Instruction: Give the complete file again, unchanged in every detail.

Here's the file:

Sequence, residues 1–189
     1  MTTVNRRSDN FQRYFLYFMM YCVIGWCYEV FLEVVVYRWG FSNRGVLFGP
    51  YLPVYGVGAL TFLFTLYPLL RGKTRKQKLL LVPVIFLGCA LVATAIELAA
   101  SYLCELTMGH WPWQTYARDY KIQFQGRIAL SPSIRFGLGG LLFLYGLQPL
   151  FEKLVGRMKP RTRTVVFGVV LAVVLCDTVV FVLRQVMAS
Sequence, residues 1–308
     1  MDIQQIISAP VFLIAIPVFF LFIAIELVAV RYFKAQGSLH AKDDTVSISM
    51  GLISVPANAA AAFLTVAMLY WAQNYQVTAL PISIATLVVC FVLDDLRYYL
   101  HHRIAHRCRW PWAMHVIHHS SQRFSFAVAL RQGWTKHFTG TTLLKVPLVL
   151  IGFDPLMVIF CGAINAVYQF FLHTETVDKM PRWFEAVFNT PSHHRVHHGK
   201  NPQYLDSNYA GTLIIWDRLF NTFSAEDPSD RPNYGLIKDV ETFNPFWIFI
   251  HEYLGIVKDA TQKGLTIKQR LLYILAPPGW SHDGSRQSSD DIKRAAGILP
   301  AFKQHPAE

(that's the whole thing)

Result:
Sequence, residues 1–189
     1  MTTVNRRSDN FQRYFLYFMM YCVIGWCYEV FLEVVVYRWG FSNRGVLFGP
    51  YLPVYGVGAL TFLFTLYPLL RGKTRKQKLL LVPVIFLGCA LVATAIELAA
   101  SYLCELTMGH WPWQTYARDY KIQFQGRIAL SPSIRFGLGG LLFLYGLQPL
   151  FEKLVGRMKP RTRTVVFGVV LAVVLCDTVV FVLRQVMAS
Sequence, residues 1–308
     1  MDIQQIISAP VFLIAIPVFF LFIAIELVAV RYFKAQGSLH AKDDTVSISM
    51  GLISVPANAA AAFLTVAMLY WAQNYQVTAL PISIATLVVC FVLDDLRYYL
   101  HHRIAHRCRW PWAMHVIHHS SQRFSFAVAL RQGWTKHFTG TTLLKVPLVL
   151  IGFDPLMVIF CGAINAVYQF FLHTETVDKM PRWFEAVFNT PSHHRVHHGK
   201  NPQYLDSNYA GTLIIWDRLF NTFSAEDPSD RPNYGLIKDV ETFNPFWIFI
   251  HEYLGIVKDA TQKGLTIKQR LLYILAPPGW SHDGSRQSSD DIKRAAGILP
   301  AFKQHPAE